Arts, Culture, and Museums TIG Week: Hiring Non-Evaluators to Do Evaluation by Madeleine Pope

Hi! I’m Madeleine Pope (they/them), research associate and project manager at HG&Co, a visitor-centered planning, strategy, & evaluation firm which supports museums and cultural organizations.

Having just attended my first AEA conference as a new museum evaluator, I noticed that there are some differences between my niche world of work and organizational or teaching evaluation. I’ve noticed we use different lingo for evaluation phases, not saying product or implementation evaluation, but rather front-end (including needs assessments), formative (including usability), remedial (iterative changes), and summative (impact and goal achievement) evaluations. Clients ask us questions like, “What do we need to know about our locals before writing a new strategic plan?”, “How can we make this software useful for both planetarium managers and space hobbyists?”, and “Does this game about transcendentalism help teachers teach Thoreau?” 

Another difference, perhaps, is the push to hire non-evaluators to do evaluation. 

The Visitor Studies Association (VSA)’s recent call for proposals summarizes this trend. Roughly: given museums’ histories of exclusivity in favor of wealth and whiteness, ethical evaluations for these institutions must include attempts to broaden the viewpoints of decision makers. It is our responsibility to bring in non-white and non-wealthy perspectives, especially as many board members and directors identify as the opposite. But many evaluators also have backgrounds of privilege, at least a privileged education if not a privileged race as well. (To note: I am white and come from a lower/middle class background). 

We know that the evaluative process will have some subjectivity, even with best practices duly prioritized. A white data collector (often me) interviewing museum visitors of color may receive different responses than an evaluator of the respondent’s own race or color, especially if sensitive questions are being asked about identity or money. Recognizing the racial and wealth inequities of who is allowed into higher education, we benefit from welcoming in non-evaluators into the work. The VSA summarizes: “By collaborating with diverse stakeholders, we can elevate these unique viewpoints and benefit from new knowledge and perspectives.”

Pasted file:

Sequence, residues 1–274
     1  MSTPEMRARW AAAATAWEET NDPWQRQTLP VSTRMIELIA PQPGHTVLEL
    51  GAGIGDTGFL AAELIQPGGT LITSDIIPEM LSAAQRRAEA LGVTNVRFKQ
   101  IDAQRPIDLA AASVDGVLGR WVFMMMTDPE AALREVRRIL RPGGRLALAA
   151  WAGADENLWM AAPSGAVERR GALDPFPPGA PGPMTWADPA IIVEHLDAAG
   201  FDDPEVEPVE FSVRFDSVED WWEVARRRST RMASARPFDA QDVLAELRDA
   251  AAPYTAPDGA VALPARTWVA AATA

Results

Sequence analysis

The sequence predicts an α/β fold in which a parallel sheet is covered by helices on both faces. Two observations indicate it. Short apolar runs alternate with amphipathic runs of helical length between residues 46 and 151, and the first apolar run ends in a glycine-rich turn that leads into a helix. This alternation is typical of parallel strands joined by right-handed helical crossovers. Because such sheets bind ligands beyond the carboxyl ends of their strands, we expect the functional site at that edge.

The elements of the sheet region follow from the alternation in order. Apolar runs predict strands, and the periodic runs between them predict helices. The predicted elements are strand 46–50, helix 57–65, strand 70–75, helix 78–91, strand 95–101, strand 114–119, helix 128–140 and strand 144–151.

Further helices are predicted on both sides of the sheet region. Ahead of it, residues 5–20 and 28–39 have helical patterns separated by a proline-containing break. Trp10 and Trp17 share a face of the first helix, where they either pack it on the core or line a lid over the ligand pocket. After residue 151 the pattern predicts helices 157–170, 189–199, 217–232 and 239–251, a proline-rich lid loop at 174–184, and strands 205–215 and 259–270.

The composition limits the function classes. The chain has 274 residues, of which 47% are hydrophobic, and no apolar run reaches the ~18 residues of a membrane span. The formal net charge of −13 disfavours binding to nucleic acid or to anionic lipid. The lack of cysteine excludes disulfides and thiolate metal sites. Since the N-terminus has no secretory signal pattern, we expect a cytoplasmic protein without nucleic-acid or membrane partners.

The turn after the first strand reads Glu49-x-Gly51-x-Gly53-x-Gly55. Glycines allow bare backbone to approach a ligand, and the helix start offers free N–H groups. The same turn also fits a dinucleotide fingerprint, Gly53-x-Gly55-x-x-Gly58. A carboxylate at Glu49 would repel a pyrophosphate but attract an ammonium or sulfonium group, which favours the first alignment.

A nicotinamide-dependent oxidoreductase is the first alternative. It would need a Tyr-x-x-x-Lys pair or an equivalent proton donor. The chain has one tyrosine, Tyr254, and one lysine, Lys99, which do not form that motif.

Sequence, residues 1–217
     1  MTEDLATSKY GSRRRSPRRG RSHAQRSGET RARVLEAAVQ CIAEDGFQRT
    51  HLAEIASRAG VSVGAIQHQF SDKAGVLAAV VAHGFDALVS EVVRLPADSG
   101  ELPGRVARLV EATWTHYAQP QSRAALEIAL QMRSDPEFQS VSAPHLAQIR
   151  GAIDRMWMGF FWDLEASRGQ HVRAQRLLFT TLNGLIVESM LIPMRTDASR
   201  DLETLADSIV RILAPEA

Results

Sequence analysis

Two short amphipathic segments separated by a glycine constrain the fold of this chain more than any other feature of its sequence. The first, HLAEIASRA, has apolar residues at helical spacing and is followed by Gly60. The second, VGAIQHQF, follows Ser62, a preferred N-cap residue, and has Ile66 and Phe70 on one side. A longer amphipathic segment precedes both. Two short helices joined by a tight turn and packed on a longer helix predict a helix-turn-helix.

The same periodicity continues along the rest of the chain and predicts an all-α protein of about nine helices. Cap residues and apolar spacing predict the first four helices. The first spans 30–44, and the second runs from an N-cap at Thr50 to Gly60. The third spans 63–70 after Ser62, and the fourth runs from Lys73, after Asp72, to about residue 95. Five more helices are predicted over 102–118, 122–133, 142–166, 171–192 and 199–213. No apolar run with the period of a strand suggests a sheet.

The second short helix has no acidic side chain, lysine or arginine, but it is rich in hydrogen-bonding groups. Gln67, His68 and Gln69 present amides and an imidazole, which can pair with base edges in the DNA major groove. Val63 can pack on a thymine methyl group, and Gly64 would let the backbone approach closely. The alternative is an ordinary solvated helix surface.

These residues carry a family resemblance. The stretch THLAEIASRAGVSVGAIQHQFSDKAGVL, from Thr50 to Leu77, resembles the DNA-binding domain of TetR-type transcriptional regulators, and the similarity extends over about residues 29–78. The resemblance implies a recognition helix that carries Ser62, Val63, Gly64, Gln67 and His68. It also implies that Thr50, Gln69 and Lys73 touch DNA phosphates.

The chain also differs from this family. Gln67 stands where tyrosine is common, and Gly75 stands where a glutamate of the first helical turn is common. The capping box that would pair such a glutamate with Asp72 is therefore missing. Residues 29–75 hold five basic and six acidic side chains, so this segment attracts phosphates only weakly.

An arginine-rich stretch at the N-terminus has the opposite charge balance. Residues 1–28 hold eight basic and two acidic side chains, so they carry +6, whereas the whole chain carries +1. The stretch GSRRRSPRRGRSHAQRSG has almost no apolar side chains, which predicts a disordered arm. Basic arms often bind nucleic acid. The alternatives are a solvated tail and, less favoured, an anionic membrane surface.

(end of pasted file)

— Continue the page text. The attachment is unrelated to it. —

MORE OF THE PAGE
I am fortunate to have experienced this. Our firm, HG&Co, hired and trained a local Haitian-American teaching artist to collect data in Haitian communities around our art museum client, which was lacking Haitian visitors despite close range. The experience was deeply educational; we would not have gotten data that high in quality without her. 

That project, as many others for museums, focused on meaning-making, perhaps a more iterative goal than tracking use of a new website or amount of time spent with an exhibit. The art museum wanted support changing its identity with the neighbors; qualitative data exploring ideas outside the walls were critical. This type of data collection requires some softer people skillsthat aren’t requisite for trained evaluators. Understanding racialized, economic, and local experiences, let alone the local language (Haitian Creole), was necessary for the data we needed. As my coworker put it: You’re not gonna get new, rich data by not trying new ways of data collection. 

I wonder how this trend would affect evaluation outside of museums, arts, and cultural organizations. What would change about your regular processes if you hired outside the field? How do you compare lived experiences with traditional education? What do evaluators lose by requiring higher education degrees for entry level positions? 

The American Evaluation Association is hosting Arts, Culture, and Museums (ACM) TIG Week. The contributions all week come from ACA TIG members. Do you have questions, concerns, kudos, or content to extend this AEA365 contribution? Please add them in the comments section for this post on the AEA365 webpage so that we may enrich our community of practice. Would you like to submit an AEA365 Tip? Please send a note of interest to AEA365 is sponsored by the American Evaluation Association and provides a Tip-a-Day by and for evaluators. The views and opinions expressed on the AEA365 blog are solely those of the original authors and other contributors. These views and opinions do not necessarily represent those of the American Evaluation Association, and/or any/all contributors to this site.

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